I don't think anyone has linked this before- as well as nuclear risks there is a bit of presentation on Fukushima's present state and while fission due to plutonium pooling was stated as a possibility, that possibility is now discounted as the dangerous fuel rods seem to have collapsed (with no nuclear explosion) so a fission reaction is unlikely. The expert says that a final solution for Fukushima is going to be difficult, a salt pile is growing in the reactors, there is a lot of debris and top access is difficult with the heavy radiation so covering the top is difficult. It might need explosives to allow the rods to fall lower. Fortunately military helicopters are getting close now to water bomb, Japanese are accepting international assistance. Maybe a few more helicopter could clean it up a bit and cover the top.       
electricpete (Electrical)
27 Mar 11 2:05
http://www.bloomberg.com/news/2011-03-27/status-reports-on-the-reactors-at-japan-s-fukushima-nuclear-plant-table.html

Quote:

No. 1: Contaminated water in the turbine structure contains 10,000 times the radiation of regular cooling water, NHK said. The company has started removing contaminated water from the basement of the turbine building and will prepare more pumps to drain the water, the agency said. The unit has been damaged since a March 12 hydrogen explosion destroyed the building's walls. The seriousness of the reactor's threat to safety is rated level five on an international scale of 1-7.

No. 2: Contaminated water in the turbine structure contains 10 million times more radiation than normal cooling water, NHK said. The company plans to remove contaminated water as early as today, the agency said. The company plans to start using freshwater on fuel pool from March 28, the agency said. The containment chamber may have been damaged in a March 15 explosion, and a power cable was reconnected to the unit on March 19. The reactor is rated a level-five threat.

No. 3: Contaminated water in the turbine structure contains 10,000 times the normal radiation, NHK said. The company is considering ways to remove the contaminated water, the agency said. A March 14 explosion damaged the unit's fuel cover. The reactor is rated a level-five threat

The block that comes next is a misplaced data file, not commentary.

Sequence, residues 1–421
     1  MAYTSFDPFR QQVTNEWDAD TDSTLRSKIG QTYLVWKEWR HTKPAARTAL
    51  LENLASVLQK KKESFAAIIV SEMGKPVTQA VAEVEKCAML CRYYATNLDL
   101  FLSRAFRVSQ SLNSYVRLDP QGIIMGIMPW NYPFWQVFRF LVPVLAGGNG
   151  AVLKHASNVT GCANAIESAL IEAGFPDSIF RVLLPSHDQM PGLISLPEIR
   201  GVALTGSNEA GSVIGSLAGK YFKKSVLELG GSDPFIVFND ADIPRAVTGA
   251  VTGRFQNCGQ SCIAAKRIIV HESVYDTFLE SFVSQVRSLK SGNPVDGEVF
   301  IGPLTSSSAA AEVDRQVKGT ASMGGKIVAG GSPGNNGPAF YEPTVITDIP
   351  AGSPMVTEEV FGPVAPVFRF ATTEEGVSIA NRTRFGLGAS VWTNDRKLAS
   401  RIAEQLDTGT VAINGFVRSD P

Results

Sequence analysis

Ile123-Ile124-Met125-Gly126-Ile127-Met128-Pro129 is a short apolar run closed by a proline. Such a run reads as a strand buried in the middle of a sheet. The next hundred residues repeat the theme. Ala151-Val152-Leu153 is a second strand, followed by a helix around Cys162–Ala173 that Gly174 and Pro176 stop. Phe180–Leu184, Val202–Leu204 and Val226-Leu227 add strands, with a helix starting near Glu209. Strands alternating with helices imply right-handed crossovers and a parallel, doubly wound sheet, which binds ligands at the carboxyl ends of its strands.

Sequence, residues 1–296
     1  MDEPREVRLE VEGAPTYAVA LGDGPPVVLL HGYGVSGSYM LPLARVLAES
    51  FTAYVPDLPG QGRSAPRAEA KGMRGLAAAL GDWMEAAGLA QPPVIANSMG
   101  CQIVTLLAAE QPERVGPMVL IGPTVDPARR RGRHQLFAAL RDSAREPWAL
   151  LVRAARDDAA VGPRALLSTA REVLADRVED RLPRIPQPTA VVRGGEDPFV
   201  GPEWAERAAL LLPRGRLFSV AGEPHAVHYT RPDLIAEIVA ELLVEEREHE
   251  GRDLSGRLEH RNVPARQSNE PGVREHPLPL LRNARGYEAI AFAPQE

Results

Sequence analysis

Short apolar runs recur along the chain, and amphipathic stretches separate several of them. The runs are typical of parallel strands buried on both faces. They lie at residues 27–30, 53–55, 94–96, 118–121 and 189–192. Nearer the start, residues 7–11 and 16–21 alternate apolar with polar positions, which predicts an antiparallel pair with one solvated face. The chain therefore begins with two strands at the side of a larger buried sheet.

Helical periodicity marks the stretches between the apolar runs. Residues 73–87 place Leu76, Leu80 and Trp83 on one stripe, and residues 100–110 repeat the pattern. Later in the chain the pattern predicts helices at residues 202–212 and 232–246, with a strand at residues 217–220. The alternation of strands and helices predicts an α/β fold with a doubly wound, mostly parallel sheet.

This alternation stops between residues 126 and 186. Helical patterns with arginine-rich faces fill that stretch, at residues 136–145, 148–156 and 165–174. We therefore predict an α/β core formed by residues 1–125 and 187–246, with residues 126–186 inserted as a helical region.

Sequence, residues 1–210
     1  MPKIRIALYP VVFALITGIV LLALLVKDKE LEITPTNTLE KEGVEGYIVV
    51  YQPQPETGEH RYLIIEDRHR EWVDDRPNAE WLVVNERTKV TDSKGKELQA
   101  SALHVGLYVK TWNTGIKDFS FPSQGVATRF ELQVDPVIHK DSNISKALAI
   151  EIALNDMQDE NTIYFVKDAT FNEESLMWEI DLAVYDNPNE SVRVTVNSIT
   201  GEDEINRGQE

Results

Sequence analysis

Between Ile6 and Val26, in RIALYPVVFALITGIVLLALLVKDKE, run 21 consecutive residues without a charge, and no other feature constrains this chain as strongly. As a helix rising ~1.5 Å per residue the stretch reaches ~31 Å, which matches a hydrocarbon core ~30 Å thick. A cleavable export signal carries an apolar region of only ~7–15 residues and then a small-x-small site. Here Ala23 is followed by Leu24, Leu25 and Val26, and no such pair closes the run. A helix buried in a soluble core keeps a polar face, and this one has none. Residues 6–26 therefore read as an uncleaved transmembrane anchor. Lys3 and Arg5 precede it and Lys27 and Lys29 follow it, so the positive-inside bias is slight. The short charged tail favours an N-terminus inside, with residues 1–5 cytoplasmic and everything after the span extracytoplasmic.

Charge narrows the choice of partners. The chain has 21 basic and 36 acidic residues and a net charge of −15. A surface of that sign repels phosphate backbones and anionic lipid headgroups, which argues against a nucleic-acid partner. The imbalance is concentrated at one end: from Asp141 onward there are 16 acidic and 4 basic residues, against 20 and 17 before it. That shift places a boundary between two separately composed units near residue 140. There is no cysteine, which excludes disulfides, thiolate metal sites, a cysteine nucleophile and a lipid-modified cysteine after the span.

=====================================
(2B)+(2B)'  ?

owg (Chemical)
27 Mar 11 6:27
Zogzog - thanks for the "decent technical information". Even that says "After the total failure of plant cooling systems, seawater is being pumped into the reactor cores of units 1, 2 and 3 to prevent overheating and further core damage." but does not say where the seawater goes after the reactor cores, perhaps to the sea.

HAZOP at www.curryhydrocarbons.ca

frankiee (Marine/Ocean)
27 Mar 11 12:40
rmw.
My plant here in Ontario has 4, 15,000 KW non seismic all with separate fuel source and 2 CTs for emergency that are seismic and 5MW each
electricpete (Electrical)
27 Mar 11 13:03
Regarding my post 27 Mar 11 2:05 - it seemed alarming that they were reporting water activity of 10 million times normal coolant activity, which previously they were concerned about 10 thousand. This morning I hear there was probably a mistake in the reading... more info to come.

frankiee - CT's but no DG's?   How fast do the CT's start up?

=====================================
(2B)+(2B)'  ?

trottiey (Nuclear) (OP)
27 Mar 11 14:04
The analysis results from the turbine building basement, in becquerels per cubic centimeter, are here:
http://www.nisa.meti.go.jp/english/files/en20110327-1-5.pdf

Some rough calculations suggest the numbers are big enough to kill you by acute radiation poisoning within days if you drink an undiluted sip.
electricpete (Electrical)
27 Mar 11 15:49
Very interesting chart.

It seems like we should be able to draw some conclusions from examining the isotopes. For example if one plant has higher long-lived isotopes, that favors spent fuel pool as a source while if one has higher short-lived isotopes, that favors reactor as a source.  But at first glance, I didn't see any simple pattern like that.